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Magnetic resonance imaging (MRI) provides superior visualization of the prostate and surrounding anatomy, making it the modality of choice for imaging the prostate gland. This pilot study was performed to determine the feasibility and dosimetric quality achieved when placing high-dose-rate prostate brachytherapy catheters under MRI guidance in a standard “closed-bore” 1.5T scanner.
Methods and Materials:
Patients with intermediate-risk and high-risk localized prostate cancer received MRI-guided high-dose-rate brachytherapy boosts before and after a course of external beam radiotherapy. Using a custom visualization and targeting program, the brachytherapy catheters were placed and adjusted under MRI guidance until satisfactory implant geometry was achieved. Inverse treatment planning was performed using high-resolution T2-weighted MRI.
Ten brachytherapy procedures were performed on 5 patients. The median percentage of volume receiving 100% of prescribed minimal peripheral dose (V100) achieved was 94% (mean, 92%; 95% confidence interval, 89–95%). The urethral V125 ranged from 0% to 18% (median, 5%), and the rectal V75 ranged from 0% to 3.1% (median, 0.3%). In all cases, lesions highly suspicious for malignancy could be visualized on the procedural MRI, and extracapsular disease was identified in 2 patients.
High-dose-rate prostate brachytherapy in a standard 1.5T MRI scanner is feasible and achieves favorable dosimetry within a reasonable period with high-quality image guidance. Although the procedure was well tolerated in the acute setting, additional follow-up is required to determine the long-term safety and efficacy of this approach.
PMCID: PMC2396328  PMID: 15275727
Prostate cancer; Brachytherapy; MRI; Image guidance
2.  System for Prostate Brachytherapy and Biopsy in a Standard 1.5 T MRI Scanner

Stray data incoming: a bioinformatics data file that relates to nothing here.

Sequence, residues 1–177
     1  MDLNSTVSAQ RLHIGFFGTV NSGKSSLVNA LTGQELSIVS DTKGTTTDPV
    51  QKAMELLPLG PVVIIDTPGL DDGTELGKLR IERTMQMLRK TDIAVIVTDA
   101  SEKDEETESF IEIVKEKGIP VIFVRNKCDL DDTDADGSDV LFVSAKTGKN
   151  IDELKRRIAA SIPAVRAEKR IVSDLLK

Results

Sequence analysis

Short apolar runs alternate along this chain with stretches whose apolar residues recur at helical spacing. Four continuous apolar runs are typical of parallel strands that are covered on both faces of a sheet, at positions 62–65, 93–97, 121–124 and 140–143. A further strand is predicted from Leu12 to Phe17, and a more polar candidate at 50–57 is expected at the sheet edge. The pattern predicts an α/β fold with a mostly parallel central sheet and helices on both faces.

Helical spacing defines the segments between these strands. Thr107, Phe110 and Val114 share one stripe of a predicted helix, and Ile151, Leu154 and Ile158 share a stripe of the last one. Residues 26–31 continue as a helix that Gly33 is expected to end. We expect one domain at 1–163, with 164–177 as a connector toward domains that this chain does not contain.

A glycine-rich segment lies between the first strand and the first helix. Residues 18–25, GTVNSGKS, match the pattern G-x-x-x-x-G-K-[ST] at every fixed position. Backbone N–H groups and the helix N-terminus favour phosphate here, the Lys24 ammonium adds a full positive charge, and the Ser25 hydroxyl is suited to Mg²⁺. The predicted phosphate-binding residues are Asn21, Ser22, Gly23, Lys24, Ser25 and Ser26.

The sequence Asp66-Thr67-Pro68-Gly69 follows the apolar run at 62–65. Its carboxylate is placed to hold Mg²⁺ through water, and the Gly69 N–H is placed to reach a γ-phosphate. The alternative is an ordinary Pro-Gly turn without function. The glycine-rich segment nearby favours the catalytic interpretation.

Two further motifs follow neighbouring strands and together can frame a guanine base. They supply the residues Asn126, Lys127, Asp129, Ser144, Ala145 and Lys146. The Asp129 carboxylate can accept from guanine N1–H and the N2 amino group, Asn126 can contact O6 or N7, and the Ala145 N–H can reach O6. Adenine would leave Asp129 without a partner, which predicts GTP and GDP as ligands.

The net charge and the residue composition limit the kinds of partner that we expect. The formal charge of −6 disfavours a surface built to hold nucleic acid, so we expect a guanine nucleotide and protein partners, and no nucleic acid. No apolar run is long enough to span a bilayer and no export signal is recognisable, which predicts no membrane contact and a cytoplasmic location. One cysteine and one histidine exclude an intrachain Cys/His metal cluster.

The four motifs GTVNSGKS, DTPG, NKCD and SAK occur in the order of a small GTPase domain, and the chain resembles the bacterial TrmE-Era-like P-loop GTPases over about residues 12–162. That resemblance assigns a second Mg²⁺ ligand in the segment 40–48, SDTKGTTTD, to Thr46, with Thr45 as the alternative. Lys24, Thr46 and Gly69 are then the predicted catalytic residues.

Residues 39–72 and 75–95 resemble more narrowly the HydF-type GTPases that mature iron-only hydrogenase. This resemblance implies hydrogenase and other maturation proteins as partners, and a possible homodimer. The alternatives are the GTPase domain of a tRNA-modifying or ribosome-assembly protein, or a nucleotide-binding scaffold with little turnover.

A technique for transperineal high-dose-rate (HDR) prostate brachytherapy and needle biopsy in a standard 1.5 T MRI scanner is demonstrated. In each of eight procedures (in four patients with intermediate to high risk localized prostate cancer), four MRI-guided transperineal prostate biopsies were obtained followed by placement of 14–15 hollow transperineal catheters for HDR brachytherapy. Mean needle-placement accuracy was 2.1 mm, 95% of needle-placement errors were less than 4.0 mm, and the maximum needle-placement error was 4.4 mm. In addition to guiding the placement of biopsy needles and brachytherapy catheters, MR images were also used for brachytherapy treatment planning and optimization. Because 1.5 T MR images are directly acquired during the interventional procedure, dependence on deformable registration is reduced and online image quality is maximized.
PMCID: PMC2396258  PMID: 15334592
MRI; brachytherapy; prostate; prostatic neoplasms; biopsy; interventional MRI
3.  Effects of Adenosine 3′,5′-Monophosphate and Adenosine 5′-Monophosphate on Glycogen Degradation and Synthesis in Dictyostelium discoideum 
Journal of Bacteriology  1971;108(3):1329-1337.
Data are presented demonstrating that the presence in vivo of adenosine 3′,5′-monophosphate (3′,5′-AMP) causes a rapid depletion of glycogen storage material in the cellular slime mold. The effect of adenosine 5′-monophosphate (5′-AMP) is twofold, stimulating both glycogen degradation and synthesis. In pseudoplasmodia, cell-free extracts appear to contain at least two species of glycogen phosphorylase, one of which is severely inhibited by glucose-1-phosphate and another which is only partially inhibited by this hexose-phosphate. In some cases, 5′-AMP partially overcomes the inhibition by glucose-1-phosphate. Data presented here also indicate the existence of two forms of glycogen synthetase, the total activity of which does not change during 10 hr of differentiation from aggregation to culmination. During this period there is a quantitative conversion of glucose-6-phosphate–independent enzyme activity to glucose-6-phosphate–dependent activity. It is suggested that one effect of 3′,5′-AMP is closely related to enzymatic processes involved in the rapid conversion of glycogen to cell wall material and other end products accumulating during sorocarp construction.
PMCID: PMC247223  PMID: 5167809

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